How teachers can predict students' HSC grades

How teachers can predict students

In March, the NSW Education Standards Authority (NESA) confirmed that the Higher School Certificate (HSC) would go ahead in 2020, despite the disruption caused by the COVID-19 pandemic.

While this was welcome news for thousands of students, there were concerns about the toll that the government-enforced lockdown would have on students’ learning in the lead-up to the critical end-of-year exams.

Adding to these concerns, a report in May revealed that four in five students feel disadvantaged for their HSC under COVID-19 restrictions, highlighting the impact of the pandemic on senior year students.

The pressures that young people have been experiencing have led some academics to call for a rethink about the way schools are preparing young people for this important juncture of their lives.

One of them is Professor John Fischetti, Pro Vice Chancellor of the Faculty of Education and Arts of the University of Newcastle.

Professor Fischetti and his colleagues recently made headlines with a study suggesting it was possible to accurately predict students' HSC grades using such factors as their Year 12 subject choices, Year 9 NAPLAN scores, and Year 11 attendance.

Professor Fischetti believes this research provides a solution to the unfair impact of COVID-19 on students finishing Year 12 this year.

“If we pretty much know already by the end of year 11 how well our students will do on their HSC exams a year later, this opens up a whole possibility to really focus with students in year 12 on those areas that aren’t quite as strong and continue to boost them toward success – but do this in different ways,” he told The Educator.

“For some, it may be some basic literacy and numeracy skills need shoring up. For others, it might be really extending their learning in new ways that match to their passions and interests as young adults”.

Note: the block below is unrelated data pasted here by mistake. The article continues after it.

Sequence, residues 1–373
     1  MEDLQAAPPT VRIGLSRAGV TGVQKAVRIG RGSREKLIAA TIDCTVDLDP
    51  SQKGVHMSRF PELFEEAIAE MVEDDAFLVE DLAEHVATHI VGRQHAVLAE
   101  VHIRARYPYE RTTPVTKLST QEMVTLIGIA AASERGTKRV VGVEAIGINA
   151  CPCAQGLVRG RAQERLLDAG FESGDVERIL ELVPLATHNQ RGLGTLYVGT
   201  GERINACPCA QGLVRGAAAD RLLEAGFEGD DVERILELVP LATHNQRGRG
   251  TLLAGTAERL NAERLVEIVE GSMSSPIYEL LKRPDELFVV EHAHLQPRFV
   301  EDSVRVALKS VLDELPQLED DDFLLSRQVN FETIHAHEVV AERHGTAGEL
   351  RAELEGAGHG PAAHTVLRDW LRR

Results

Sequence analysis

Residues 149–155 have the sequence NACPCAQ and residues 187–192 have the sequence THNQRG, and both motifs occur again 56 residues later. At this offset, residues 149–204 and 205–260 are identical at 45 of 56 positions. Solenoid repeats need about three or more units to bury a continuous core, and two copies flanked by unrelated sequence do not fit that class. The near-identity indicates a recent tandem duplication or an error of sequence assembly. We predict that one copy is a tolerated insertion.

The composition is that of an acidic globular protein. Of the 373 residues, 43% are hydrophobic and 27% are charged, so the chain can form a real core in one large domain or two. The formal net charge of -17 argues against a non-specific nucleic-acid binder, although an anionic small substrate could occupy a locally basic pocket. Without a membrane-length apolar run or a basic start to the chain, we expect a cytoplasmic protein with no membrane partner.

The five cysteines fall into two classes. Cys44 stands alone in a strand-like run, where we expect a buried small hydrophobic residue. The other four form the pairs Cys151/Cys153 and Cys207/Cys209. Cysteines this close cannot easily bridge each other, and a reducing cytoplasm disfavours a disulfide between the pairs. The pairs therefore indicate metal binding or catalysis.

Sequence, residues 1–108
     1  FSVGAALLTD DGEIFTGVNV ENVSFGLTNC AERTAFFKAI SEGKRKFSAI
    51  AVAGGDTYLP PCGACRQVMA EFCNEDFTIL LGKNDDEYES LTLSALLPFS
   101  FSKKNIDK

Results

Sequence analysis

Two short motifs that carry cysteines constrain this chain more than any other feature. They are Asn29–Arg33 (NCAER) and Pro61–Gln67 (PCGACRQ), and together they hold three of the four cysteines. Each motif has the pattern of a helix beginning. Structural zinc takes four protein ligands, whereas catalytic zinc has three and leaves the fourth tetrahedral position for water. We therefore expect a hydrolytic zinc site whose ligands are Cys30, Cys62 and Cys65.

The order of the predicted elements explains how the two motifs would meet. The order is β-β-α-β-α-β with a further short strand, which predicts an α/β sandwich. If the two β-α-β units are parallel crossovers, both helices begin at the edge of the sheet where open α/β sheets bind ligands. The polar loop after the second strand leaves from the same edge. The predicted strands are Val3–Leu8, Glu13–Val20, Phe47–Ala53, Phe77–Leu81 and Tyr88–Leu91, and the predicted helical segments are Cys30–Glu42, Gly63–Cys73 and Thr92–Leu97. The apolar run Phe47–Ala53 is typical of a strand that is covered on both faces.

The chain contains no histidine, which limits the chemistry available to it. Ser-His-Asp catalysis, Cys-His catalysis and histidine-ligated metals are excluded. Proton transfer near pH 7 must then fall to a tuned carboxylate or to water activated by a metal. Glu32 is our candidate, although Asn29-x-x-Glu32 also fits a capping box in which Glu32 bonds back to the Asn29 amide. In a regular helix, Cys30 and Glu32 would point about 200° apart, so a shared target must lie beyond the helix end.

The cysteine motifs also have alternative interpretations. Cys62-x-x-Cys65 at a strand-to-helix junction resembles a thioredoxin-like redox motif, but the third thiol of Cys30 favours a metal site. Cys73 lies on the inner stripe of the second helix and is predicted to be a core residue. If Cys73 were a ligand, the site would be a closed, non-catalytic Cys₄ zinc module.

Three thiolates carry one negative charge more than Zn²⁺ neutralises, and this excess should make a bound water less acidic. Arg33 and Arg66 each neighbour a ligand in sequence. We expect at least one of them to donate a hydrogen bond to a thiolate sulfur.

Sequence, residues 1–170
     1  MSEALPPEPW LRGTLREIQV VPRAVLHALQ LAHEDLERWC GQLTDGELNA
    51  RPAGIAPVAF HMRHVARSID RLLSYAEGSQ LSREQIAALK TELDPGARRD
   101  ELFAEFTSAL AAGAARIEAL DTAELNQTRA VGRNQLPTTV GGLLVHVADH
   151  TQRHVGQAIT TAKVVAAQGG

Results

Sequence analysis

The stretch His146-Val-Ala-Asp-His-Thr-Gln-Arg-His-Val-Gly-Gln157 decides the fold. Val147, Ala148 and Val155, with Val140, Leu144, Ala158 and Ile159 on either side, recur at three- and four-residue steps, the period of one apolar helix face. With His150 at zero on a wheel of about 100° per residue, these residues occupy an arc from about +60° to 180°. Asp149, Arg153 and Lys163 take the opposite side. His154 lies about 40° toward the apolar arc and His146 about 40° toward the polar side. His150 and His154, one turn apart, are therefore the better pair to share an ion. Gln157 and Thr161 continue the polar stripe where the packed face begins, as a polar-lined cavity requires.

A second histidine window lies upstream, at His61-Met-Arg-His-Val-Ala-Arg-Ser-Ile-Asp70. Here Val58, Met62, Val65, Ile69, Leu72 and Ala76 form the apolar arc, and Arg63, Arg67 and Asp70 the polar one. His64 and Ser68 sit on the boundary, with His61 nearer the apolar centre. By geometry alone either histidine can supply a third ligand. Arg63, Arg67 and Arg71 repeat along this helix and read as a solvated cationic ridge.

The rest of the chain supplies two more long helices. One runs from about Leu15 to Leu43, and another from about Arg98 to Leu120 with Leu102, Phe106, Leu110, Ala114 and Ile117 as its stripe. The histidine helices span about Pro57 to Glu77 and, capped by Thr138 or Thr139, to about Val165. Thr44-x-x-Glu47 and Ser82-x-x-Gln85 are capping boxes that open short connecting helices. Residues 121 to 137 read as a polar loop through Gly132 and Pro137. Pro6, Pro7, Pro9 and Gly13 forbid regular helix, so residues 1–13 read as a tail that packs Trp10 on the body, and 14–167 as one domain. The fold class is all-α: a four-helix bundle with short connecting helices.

‘Make students life-ready, not just test-ready’

Professor Fischetti said schools are currently preparing students for exams, rather than preparing them for life.

“This means that the kinds of teaching pedagogies we use do not always provide engaged learning and extensions to the ‘real world’ necessary for students to master the content rather than be able to regurgitate it,” he explained.

“If we took the pressure off the test and put the emphasis on learning, we would have a new way to teach. The real challenge is teaching for learning rather than testing”.

Professor Fischetti said the moment the HSC exams are over and an ATAR is calculated, all options are back open for Year 12 graduates.

“For some, their results get them to their goal of TAFE or University or whatever they are eager to do,” he said.

“For many, the results don’t get them to their goal. TAFE and Universities have multiple pathways that allow different routes to the same programs, certificates, diplomas and degrees”.

Professor Fischetti said some students will take a bit more time to relearn some “basics” missed along the way, pointing out that some have ‘compressed’ or ‘bridging’ courses that allow segue into the intended path.

“Most postsecondary institutions allow transfer from one degree to another based on successful performance. So, someone could start in a related degree and transfer a year later with all of those courses counting toward the desired degree,” he said.

“The year 12 results are not the be-all-end-all they are made out to be”.

‘Prepare students for the future, not the past’

Professor Fischetti said the senior years could be done more effectively rather than efficiently by engaging young adults in apprenticeships or internships in the areas of their interest.

“Another thing we could do is ask them to build a portfolio of evidence of the basic and advanced literacy and numeracy and future focused skills of collaboration, critical thinking, problem solving, indigenous knowledges, ethics, and so on,” he said.

“This would truly provide evidence of their knowledge, skills and passions”.

Professor Fischetti said students could also be engaged with a mentor in the field(s) of their interest, and have them complete the syllabus, but in a way that works for them. 

“School their way not our way. This kind of new school design exists in models that have popped up all over Australia,” he said.

“We need to allow them to be the rule rather than the exception”.

Professor Fischetti said that while not everyone is cut out for every post-secondary option, the question is how that decision is made.

“Right now, it is with an obsolete tool of a testing regimen. We want to prepare our young people for their future not the past”.